The Cleveland Cavaliers fell to the Indiana Pacers 119-107 on Saturday but for the third consecutive game, the Cavaliers showed signs of improvement.
Their defense looks like it’s more in-sync and more coordinated. For the fourth game this season, Cleveland has managed to take a playoff team down to the wire. Furthermore, aside from fan favorites Cedi Osman and J.R. Smith, the offense is also improving as players start finding their rhythm and seeing where they’ll get their shots on the floor.
Despite an 0-6 start, there are more reasons to be optimistic about the rest of the team’s season than concerned. Especially when you look around the league and see teams like the Oklahoma City Thunder are winless or when you see that the Boston Celtics and Golden State Warriors have starting players that haven’t started the season as well as expected.
You can’t count moral victories in the win column but there plenty of reasons to take the Cavaliers early season slump with a grain of salt.
That said, here are three takeways from the Cavaliers loss to the Pacers.
David Nwaba needs minutes
Early in the first quarter, Cleveland Cavaliers shooting guard David Nwaba subbed in for Rodney Hood after the latter earned two quick fouls. Nwaba instantly made his presence felt, knocking down an open corner three and hounding players in transition for blocks.
However, Nwaba proceeded to miss his next three shots and didn’t hit another until the fourth quarter. A stout defensive player whose an excellent athlete, Nwaba’s play is reminiscent of Tony Allen’s, a former lockdown defender for the Boston Celtics and Memphis Grizzlies.
That said, Cleveland was a +13 in the minutes that Nwaba played, by far the highest on the team. I don’t usually put much stock into box score plus-minus’, as they rarely can tell you how an individual performed in his minutes. To that point, Nwaba certainly didn’t have the best game of any Cavs player. That would be center Larry Nance Jr.
Nonetheless, Nwaba’s defense, hustle and athleticism are certainly positive traits that Cleveland would be wise to utilize more going forward. He may very well end up taking J.R. Smith’s spot in the rotation although Smith is a favorite of Cavs head coach Tyronn Lue.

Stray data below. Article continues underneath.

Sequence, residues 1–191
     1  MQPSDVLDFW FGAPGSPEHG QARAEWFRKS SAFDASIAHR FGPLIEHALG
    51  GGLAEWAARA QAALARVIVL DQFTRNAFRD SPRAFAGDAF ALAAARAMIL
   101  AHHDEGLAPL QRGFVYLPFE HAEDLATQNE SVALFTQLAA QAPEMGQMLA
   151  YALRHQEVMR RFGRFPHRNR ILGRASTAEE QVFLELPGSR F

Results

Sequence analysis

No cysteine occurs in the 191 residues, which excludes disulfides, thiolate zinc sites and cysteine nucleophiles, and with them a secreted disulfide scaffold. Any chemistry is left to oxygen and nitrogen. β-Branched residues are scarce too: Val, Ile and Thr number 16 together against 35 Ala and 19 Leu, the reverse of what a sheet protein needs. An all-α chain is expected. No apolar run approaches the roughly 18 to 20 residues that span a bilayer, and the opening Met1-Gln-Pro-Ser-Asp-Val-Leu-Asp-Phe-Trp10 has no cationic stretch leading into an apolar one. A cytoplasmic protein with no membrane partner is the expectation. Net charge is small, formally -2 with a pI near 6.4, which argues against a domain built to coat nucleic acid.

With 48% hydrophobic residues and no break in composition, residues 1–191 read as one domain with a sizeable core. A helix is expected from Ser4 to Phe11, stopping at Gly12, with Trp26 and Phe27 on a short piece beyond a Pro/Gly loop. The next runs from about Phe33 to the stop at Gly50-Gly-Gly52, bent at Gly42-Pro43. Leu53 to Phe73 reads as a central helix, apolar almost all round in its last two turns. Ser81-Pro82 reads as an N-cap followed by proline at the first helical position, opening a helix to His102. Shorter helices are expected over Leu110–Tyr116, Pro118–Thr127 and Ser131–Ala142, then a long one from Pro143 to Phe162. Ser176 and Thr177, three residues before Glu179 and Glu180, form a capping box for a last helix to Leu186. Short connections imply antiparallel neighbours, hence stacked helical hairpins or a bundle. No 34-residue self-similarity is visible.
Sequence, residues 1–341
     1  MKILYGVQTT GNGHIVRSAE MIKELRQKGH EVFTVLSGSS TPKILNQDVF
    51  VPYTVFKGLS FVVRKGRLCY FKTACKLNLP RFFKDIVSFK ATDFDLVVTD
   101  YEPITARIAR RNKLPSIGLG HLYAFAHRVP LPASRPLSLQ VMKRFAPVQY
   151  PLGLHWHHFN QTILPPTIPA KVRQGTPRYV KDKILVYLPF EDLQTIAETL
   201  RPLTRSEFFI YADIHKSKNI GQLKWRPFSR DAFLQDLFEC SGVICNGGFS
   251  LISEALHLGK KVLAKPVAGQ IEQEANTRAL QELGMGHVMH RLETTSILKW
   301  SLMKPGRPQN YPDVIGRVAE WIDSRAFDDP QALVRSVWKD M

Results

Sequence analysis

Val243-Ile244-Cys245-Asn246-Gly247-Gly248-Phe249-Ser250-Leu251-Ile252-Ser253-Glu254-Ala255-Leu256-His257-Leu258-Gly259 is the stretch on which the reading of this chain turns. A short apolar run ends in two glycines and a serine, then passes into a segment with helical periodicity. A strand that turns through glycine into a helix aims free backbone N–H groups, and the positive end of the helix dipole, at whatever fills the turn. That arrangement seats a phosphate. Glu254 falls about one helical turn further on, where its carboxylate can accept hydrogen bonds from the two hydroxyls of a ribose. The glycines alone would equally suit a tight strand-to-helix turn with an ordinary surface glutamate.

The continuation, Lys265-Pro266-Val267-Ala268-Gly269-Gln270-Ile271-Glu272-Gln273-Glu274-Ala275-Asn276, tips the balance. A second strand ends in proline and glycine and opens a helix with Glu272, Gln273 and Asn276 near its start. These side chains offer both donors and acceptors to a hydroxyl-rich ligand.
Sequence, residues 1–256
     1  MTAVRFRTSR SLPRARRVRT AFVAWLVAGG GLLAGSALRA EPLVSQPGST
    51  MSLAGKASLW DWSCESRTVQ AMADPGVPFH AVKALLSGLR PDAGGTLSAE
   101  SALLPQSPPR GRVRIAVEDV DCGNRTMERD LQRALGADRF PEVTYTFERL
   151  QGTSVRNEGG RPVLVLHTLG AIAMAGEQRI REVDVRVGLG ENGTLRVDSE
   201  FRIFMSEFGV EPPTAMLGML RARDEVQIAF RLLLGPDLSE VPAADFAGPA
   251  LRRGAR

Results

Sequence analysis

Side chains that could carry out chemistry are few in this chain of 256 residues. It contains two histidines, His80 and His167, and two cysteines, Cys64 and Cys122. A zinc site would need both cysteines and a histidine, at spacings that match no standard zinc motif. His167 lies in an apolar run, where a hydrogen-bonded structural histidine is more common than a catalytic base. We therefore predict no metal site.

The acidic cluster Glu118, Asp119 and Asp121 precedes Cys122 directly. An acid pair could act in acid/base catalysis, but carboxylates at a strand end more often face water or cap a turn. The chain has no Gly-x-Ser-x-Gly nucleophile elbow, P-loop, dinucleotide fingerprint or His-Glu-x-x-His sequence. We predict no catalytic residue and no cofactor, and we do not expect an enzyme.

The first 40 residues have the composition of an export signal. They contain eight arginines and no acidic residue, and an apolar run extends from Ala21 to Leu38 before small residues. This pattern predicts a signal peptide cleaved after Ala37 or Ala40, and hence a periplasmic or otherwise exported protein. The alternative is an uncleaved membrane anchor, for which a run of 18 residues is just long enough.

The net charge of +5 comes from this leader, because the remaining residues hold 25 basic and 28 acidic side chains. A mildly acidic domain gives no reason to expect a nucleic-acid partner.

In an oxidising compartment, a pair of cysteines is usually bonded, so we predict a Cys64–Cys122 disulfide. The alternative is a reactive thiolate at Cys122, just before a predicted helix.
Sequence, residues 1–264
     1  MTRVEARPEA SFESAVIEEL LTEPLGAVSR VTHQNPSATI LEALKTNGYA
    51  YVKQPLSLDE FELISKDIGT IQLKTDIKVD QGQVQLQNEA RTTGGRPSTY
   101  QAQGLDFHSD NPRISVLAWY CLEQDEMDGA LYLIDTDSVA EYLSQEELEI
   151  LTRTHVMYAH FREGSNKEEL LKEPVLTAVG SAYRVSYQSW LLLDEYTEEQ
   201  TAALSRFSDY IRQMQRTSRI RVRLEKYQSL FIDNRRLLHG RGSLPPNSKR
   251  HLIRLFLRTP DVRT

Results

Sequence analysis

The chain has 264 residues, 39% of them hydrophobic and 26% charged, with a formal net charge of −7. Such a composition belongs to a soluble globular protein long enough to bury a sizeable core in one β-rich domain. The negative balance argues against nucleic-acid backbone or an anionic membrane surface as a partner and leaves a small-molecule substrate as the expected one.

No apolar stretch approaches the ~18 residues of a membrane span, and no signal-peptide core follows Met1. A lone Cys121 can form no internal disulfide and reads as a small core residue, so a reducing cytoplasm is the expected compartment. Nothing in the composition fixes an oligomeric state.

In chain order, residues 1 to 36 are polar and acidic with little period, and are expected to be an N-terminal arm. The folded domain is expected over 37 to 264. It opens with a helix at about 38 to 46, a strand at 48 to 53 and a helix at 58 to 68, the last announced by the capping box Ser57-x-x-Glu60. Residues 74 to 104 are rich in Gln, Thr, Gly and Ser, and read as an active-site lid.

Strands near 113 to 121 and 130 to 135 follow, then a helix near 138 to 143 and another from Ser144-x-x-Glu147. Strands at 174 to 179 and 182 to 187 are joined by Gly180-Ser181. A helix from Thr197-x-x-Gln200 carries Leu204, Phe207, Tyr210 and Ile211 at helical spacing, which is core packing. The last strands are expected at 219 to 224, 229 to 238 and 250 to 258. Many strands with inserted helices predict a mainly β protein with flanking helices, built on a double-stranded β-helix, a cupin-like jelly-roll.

Cedi Osman needs to slow down
Cleveland Cavaliers fan favorite Cedi Osman started the season off on a tear, averaging 17.5 points, 6.5 rebounds and 6.0 assists per game while shooting 51.9 percent from the field and 66.7 percent from three-point range. While his numbers, at least in terms of efficiency were expected to drop over the course of the season, he’s absolutely struggled in Cleveland’s last four games.
After shooting 4-13 from the field and 2-8 from three-point range against the Pacers, Osman has made just 29.2 percent of his field goals and 26.3 percent of his three-point attempts in his last four games. He’s coughed up the ball at least five times in two of the last four contests and had six turnover against the Indiana Pacers on Saturday night.
Unfortunately for Osman, many of his mistakes seem to be the result of his trying to do too much off-the-dribble. While he’s a solid ball-handler and facilitator, he’s not playing team basketball as much as he’s capable of and it’s led to some ugly possessions for the forward.
For the season, Osman is now averaging 12.0 points, 5.3 rebounds, 3.7 assists and 3.3 turnovers per game while shooting 37.3 percent from the field and 39.3 percent from three-point range.
Rodney Hood is getting comfortable
Cleveland Cavaliers shooting guard Rodney Hood had his best game of the season on Saturday, scoring a team-high 17 points on 8-15 shooting from the field while adding five rebounds, three assists and two steals, which all are (or tie for) season-highs for Hood this season. It was a solid showing for Hood considering the expectations he had for himself entering the season.
Despite scoring at least 10 points in every game this season, Hood has been underwhelming offensively after Cavaliers head coach Tyronn Lue said he believes the 26-year-old shooting guard would be the team’s second-leading scorer. That title actually belongs to shooting guard Jordan Clarkson, who has averaged 16.2 points per game in a sixth-man type role.
However, averaging 12.0 points per game while shooting 41.7 percent from the field, Hood finds himself — like Cedi Osman (12.0 points per game on 37.3 percent shooting from the field) and George Hill (12.3 points per game on 50.9 percent shooting from the field) — vying for the title of the team’s third-leading scorer. Considering how early it is in the season and the Kevin Love’s durability concerns, Hood’s averages could climb even higher.
Hood’s biggest issue at the start of the season was inefficiency and he’s shot at least 40.0 percent from the field in three of his last four games. He still needs to rediscover his three-point prowess though, as he’s now 2-15 from three-point range this season.
*All stats gathered from Basketball Reference
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